Falcons coach Dan Quinn sports a new team motto "Locked" on his shirt during minicamp on Wednesday, June 12, 2019, in Flowery Branch. Curtis Compton/ccompton@ajc.com
Photo: ccompton@ajc.com/Curtis Compton
Photo: ccompton@ajc.com/Curtis Compton

Cover 9@9: A look at last year’s mandatory minicamp

Welcome to the Cover 9@9 blog — our weekly list of nine things that you need to know about the Atlanta Falcons.

1. The no-spin zone. The NFL quickly refuted reports that it had dates set for mandatory minicamps.

Some of the workers have returned to team facilities around the league including the Falcons, but coaches and players have not yet.

The NFL and the NFLPA have not negotiated the return of the players as the nation appears to be slowly reopening during the coronavirus pandemic, which shut things down in March. 

In 2019, the Falcons’ mandatory minicamp was held June 11-13. During last season’s gloried session, wide receiver Julio Jones, defensive tackle Grady Jarrett and defensive end Vic Beasley were on hand after skipping the offseason program. Jones and Jarrett had contract situations, while Beasley had no interest in receiving extra coaching from then coach/defensive coordinator Dan Quinn. 

Optimism was high for the Falcons defense, which was set to welcome back safeties Keanu Neal and Ricardo Allen back from injuries. Both discussed the unit’s return to Top 10 status in the league like in 2018.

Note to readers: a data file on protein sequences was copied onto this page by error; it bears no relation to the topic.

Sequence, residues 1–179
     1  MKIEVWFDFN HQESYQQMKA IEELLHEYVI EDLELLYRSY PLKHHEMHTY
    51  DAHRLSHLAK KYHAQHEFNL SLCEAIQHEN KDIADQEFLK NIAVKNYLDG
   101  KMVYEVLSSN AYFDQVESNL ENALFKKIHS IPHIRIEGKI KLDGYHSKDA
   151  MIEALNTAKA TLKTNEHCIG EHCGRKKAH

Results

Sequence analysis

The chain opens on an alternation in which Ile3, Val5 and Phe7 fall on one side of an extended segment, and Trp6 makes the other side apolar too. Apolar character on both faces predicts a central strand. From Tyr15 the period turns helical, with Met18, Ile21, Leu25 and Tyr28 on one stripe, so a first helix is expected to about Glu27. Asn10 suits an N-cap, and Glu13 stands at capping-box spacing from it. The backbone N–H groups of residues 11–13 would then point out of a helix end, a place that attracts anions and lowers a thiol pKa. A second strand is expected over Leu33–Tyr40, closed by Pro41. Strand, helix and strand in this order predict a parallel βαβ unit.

All of the players were praising the coaching changes and Quinn taking over the defense. 

It was a time to think that the Falcons would easily rebound from the 7-9 season in 2018 with three new coordinators, Quinn, offensive coordinator Dirk Koetter and special teams coordinator Ben Kotwica. 

Things didn’t go so well for Quinn and the defense, who after a 1-7 start essentially removed himself. 

The offense never had a chance as it was hit with injuries along the offensive line and was playing from behind.

The special teams, who would go on to finish 30th out of 32 in overall rankings, were sputtering about, too.

The 2019 season had the worst start since Bobby Petrino’s team started the season 1-6. They would go on to finish 4-12 with Emmitt Thomas closing out the season as the interim coach over the final three games. 

Coach Mike Smith’s 4-12 team of 2013, started the season 1-4 before winning their second game. 

If things get settled in time, a lot of the attention would be on offseason pickups, running back Todd Gurley, defensive end Dante Fowler and tight end Hayden Hurst. 

Also, defensive end Takk McKinley, who’s on the spot to produce after getting his $10 million fifth-year option declined, would have been scrutinized as he’s recovering from his third shoulder surgery.  

The Falcons started their offseason program April 18 and have conduct sessions virtually.